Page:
Having developed his work outside the fashionable circles of artistic critical debate, Lowry was comfortable in placing himself within the world of popular culture, a position from which he was almost certain to offend refined aesthetic taste. The contrast at this time between L. S. Lowry and the leading names of the London art crowd (Henry Moore, Barbara Hepworth, Ben Nicholson) is great. Lowry is fascinating for his ability to live and work by his own dictates. A long-term result, however, is that even today, many art critics and historians have difficulty knowing exactly where to place him.
As with the best humorists, and with the best of Lowry's paintings, serious notes are being sounded here. Far more than a highly-aesthetic jibe at Widnes for its tedium, the painting seems also a wistful reflection on popularity and impermanence, of passing humanity in a man-made, constructed world. "Will it last?" was one of Lowry's regular catchphrases, as part of a recurring fixation with the long-term value of his work. For me, this carefully considered work is one of Lowry's most beautiful and interesting. Admiration is only strengthened by an appreciation of its and the artist's enigmas, so the verdict on his question from this quarter is a resounding yes.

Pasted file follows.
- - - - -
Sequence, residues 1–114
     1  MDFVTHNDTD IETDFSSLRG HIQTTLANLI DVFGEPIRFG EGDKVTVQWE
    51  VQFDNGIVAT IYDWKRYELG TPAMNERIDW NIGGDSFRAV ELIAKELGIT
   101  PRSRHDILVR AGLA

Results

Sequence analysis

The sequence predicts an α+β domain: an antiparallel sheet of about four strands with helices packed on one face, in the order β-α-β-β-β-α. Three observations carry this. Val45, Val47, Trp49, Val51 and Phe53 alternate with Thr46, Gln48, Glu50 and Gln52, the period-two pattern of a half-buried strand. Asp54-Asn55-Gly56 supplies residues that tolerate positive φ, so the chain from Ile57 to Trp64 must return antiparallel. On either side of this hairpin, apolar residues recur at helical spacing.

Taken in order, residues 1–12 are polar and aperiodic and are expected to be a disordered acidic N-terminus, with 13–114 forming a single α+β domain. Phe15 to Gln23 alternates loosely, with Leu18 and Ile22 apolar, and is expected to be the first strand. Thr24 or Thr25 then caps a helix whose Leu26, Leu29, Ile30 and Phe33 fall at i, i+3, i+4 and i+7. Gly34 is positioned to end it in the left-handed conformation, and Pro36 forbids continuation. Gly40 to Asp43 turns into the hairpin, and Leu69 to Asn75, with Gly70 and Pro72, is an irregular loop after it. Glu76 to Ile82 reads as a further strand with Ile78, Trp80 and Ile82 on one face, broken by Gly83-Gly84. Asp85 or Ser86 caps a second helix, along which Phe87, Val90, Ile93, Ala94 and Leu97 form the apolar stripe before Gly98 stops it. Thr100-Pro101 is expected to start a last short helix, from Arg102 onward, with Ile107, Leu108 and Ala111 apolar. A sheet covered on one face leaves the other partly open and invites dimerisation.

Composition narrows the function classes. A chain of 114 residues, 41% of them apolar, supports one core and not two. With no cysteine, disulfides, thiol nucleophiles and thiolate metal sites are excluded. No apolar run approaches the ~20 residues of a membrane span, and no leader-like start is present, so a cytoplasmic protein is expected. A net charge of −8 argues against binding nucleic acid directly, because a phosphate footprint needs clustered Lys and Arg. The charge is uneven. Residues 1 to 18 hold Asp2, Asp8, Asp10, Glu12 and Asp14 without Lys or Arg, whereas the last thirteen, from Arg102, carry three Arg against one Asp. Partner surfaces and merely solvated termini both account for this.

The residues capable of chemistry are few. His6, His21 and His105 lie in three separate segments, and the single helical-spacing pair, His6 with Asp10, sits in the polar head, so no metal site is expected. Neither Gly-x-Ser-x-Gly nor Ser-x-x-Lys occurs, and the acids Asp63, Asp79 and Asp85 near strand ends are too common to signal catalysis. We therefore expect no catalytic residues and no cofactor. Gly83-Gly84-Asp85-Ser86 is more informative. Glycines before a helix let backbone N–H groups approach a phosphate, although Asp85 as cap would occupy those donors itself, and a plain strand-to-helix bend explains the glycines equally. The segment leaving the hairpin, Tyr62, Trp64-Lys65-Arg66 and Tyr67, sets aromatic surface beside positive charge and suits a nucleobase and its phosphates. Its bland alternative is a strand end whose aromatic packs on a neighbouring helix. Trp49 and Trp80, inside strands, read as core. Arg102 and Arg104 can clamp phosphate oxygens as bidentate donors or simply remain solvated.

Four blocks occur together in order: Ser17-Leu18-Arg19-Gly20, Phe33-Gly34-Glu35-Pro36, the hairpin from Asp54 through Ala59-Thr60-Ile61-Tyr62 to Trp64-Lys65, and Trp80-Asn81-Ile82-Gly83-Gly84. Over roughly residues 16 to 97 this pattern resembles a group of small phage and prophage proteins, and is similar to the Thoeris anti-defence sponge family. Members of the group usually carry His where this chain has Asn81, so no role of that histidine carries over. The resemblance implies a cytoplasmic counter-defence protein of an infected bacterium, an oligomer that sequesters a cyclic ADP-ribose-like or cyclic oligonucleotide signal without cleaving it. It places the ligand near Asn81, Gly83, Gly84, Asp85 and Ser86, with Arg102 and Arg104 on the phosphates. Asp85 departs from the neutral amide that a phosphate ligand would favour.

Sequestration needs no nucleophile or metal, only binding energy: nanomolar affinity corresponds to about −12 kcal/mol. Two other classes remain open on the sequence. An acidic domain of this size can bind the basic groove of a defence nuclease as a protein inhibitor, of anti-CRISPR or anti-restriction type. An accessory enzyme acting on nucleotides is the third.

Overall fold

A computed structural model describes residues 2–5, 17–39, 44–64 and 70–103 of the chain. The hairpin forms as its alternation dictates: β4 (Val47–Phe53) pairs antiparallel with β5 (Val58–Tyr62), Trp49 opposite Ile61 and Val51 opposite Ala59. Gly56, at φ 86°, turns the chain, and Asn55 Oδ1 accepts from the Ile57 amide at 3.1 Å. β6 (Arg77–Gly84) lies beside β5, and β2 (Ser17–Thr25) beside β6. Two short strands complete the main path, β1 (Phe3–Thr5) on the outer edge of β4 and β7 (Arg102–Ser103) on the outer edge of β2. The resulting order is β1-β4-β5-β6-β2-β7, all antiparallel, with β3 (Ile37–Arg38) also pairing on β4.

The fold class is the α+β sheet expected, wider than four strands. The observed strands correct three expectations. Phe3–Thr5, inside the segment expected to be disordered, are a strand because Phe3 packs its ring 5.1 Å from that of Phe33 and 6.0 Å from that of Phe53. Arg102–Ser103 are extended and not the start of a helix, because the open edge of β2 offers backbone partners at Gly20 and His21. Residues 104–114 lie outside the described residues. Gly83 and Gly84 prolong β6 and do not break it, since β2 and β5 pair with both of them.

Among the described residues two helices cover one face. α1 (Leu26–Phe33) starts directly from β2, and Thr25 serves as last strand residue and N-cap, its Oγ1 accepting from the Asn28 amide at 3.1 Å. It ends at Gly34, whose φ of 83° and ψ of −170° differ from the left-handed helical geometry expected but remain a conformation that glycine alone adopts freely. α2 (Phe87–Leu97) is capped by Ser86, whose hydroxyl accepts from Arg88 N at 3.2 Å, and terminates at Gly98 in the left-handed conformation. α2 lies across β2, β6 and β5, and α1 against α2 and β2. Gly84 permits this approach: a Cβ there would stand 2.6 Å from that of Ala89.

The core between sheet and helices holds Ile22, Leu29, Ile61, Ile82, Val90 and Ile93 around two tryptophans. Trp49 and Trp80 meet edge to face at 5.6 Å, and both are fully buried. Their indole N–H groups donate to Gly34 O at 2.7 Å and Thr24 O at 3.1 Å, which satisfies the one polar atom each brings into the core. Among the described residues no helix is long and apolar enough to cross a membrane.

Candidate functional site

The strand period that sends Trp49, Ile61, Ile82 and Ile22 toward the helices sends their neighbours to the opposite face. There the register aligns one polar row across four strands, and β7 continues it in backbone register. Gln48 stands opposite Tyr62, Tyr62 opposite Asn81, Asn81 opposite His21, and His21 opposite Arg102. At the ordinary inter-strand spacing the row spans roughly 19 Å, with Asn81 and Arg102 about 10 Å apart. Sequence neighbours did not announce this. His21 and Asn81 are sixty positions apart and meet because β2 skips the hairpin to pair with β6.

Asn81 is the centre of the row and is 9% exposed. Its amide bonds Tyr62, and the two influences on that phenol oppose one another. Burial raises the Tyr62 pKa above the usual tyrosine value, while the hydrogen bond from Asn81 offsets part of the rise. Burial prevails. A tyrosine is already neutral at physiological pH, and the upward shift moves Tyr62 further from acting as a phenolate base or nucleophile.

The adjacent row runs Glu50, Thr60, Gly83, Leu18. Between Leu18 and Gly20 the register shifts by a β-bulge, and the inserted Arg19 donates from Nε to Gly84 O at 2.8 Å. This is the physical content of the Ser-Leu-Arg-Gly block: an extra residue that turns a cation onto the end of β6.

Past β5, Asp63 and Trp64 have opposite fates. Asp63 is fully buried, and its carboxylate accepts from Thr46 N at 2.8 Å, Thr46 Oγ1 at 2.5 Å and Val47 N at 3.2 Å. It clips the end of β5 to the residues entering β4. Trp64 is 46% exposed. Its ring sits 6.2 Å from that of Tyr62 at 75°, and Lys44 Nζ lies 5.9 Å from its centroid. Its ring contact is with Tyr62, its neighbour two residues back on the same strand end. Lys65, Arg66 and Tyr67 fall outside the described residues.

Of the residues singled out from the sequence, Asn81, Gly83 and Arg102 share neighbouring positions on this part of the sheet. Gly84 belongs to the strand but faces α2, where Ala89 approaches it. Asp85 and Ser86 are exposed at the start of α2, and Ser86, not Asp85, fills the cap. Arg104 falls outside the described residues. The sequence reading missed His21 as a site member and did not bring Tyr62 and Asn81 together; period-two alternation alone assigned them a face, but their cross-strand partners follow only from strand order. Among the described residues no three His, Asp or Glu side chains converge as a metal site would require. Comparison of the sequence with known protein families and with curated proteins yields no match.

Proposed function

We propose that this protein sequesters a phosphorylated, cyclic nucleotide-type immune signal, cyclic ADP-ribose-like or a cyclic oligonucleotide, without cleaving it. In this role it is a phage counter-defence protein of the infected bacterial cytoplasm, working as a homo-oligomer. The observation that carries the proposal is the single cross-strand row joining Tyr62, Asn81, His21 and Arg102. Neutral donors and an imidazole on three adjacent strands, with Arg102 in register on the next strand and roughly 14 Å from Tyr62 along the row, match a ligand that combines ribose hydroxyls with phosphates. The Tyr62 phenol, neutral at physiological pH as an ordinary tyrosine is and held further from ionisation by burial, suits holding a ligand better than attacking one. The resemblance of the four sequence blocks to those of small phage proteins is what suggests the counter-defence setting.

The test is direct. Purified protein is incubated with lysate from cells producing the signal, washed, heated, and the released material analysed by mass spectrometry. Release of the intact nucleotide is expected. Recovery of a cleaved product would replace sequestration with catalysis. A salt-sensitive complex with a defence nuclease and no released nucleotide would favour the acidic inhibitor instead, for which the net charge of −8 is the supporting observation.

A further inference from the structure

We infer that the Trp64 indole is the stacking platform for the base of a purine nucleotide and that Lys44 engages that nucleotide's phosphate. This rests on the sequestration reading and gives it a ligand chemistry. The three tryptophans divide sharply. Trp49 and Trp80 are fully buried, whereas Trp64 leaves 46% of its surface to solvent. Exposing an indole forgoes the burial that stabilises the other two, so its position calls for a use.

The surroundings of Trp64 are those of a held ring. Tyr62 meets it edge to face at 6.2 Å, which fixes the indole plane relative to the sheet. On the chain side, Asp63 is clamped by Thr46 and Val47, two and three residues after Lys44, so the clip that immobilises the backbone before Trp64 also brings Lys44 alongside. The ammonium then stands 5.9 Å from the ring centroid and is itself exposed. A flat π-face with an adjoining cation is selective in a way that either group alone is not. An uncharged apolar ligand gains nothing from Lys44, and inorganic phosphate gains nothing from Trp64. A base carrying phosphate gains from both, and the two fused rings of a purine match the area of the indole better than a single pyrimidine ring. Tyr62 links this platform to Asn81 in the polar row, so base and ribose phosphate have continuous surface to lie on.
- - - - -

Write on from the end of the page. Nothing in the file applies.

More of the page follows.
British Painting 1930-1960
An exhibition of British Painting from New Zealand public collections organised by the Queen Elizabeth II Arts Council
L. S. Lowry’s vision of manufacturing England saw his canvases filled with factories, tenements, steeples and smokestacks, and typically rhythmic, spilling crowds. Factory at Widnes is one of Lowry’s least populated industrial landscapes, and one of his tightest, most minimal constructions; an unexpectedly deserted space within his brimming tribute to the waning industrial north.